Sunday, September 5, 2010

Book Review: Mockingjay by Suzanne Collins

I have been waiting for this book since I finished Catching Fire.  I pre-ordered it and then regretted doing so because my copy didn't arrive until August 30.  To say I was eagerly anticipating it is understatement.  I devoured the book in an evening and found myself left frustrated and irritated.  Now, I want the real Mockingjay and not this.

My three main complaints are the change in the nature of the characters, the lack of relationship between the characters and the side stepping of issues that have been raised throughout this series.

The characters changed in ways that made little sense, death reigned on the just and unjust in ways that seemed contrived rather than the result of circumstances and the plot seemed to be forced through one set of implausible events after another.

Too often the reader was expected to accept a change as so without adequate support from the story.  Gale turned from revolutionary thinker to terrorist.  Katniss changed from champion and protector to hysterical basket case.   Peeta becomes the only one with a reason for his transformation and even that doesn't ring true because it ends too quickly and simply.  The deaths that were meant to invoke feeling and lend meaning ended up feeling contrived and irritating.

As with Katniss's publicity promotions, I only felt like I was seeing the real Katniss when she was put in a position of action.  Maybe because of the nature of the Hunger Games and the two previous novels Collins didn't know what to do with a Katniss that wasn't under that kind of constant pressure.  I think the situations presented in the Mockingjay gave Katniss plenty of opportunity to get up and get moving but rather than seeing action we saw self-absorption and total disregard for anything that wasn't in her face.  I also felt that Katniss hadn't learned anything about politics and power or rather she'd forgotten all she'd been taught.  The scene with Snow in the greenhouse and her vote about the Hunger Games seems to demonstrate her cluelessness.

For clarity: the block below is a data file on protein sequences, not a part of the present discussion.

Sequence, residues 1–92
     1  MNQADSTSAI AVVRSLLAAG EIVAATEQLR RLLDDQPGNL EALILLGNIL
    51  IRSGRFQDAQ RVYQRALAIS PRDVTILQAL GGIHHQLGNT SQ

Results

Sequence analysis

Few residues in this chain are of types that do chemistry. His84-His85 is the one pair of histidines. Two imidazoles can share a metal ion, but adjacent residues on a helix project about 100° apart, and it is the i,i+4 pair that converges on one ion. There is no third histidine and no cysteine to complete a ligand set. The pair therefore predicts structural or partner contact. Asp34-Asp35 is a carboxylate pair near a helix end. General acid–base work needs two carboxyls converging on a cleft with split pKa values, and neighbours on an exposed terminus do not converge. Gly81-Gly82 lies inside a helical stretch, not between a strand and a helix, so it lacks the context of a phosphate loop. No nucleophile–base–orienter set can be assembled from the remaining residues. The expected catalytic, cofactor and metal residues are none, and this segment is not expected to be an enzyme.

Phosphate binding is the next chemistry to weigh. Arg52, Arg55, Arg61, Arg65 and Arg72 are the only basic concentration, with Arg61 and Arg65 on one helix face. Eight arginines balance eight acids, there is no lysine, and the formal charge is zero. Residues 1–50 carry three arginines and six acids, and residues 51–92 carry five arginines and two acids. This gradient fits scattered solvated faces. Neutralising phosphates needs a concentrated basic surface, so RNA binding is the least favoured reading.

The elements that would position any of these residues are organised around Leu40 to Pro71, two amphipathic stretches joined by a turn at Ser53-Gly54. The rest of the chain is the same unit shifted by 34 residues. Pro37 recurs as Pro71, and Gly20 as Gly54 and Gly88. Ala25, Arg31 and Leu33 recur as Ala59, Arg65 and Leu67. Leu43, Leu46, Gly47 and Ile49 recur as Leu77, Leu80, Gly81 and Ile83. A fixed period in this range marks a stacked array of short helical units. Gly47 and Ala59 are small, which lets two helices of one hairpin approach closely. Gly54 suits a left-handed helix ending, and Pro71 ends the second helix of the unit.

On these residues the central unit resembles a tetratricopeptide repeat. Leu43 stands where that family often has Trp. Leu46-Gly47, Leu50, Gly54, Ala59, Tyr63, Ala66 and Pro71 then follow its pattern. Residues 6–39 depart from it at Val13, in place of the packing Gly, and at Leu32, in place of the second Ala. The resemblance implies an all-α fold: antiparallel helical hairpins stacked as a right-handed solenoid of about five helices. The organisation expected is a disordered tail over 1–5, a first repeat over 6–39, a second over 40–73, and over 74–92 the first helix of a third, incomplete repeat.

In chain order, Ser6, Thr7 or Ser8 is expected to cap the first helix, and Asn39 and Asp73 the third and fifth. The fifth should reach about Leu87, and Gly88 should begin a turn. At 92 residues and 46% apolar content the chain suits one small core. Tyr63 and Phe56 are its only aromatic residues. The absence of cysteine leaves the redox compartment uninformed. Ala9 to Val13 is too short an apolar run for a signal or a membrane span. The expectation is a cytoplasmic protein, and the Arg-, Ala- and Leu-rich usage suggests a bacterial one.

The relationship between Katniss and the cat, Buttercup, takes up more of her time and energy than any other relationship.  Gale drops from the picture, Peeta is written off, mother is too busy as is Prim, some of the other champions become more central and a new relationship with the guard develops.  Throughout the series, Katniss has shown a talent for connecting with others.  In this novel she isn't able to connect with anyone.  Perhaps this is a reflection of all she's been through but now, that she's relatively safe, shouldn't the best of her shine through?  I also found in frustrating that none of the other characters had any connection with each other.  I suppose since Katniss was inward focused we weren't able to see what was happening around her. 

The issues raised by this series, government control, personal responsibilty, humanity, resourcefulness, contrived reality as entertainment, self sufficiency, globalization, revolution and terrorism, aren't answered.  Really, how could they be?  Rather they are ignored.   What remains is a new world about which we know nothing and a flightless mockingjay.

In this book, I felt the author went for the movie ending in an assigned number of pages rather than being true to the characters and situation as set forth in the previous novels. While I am relieved that this ending wasn't as bad as the made for t.v. ending, which would have involved the death of Gale and the crowning of Katniss and Peeta as king and queen, I am not satisfied with what is left.

1 comment:

  1. Interesting review. I just did one too but with different conclusions. I actually found it believeable, but the points that you make are good- I'll have to think about it. I read it quickly, too, with lots of interuptions. I chalked the whole inability to connect well with others up to PTSD. Always taking the psych pov = ).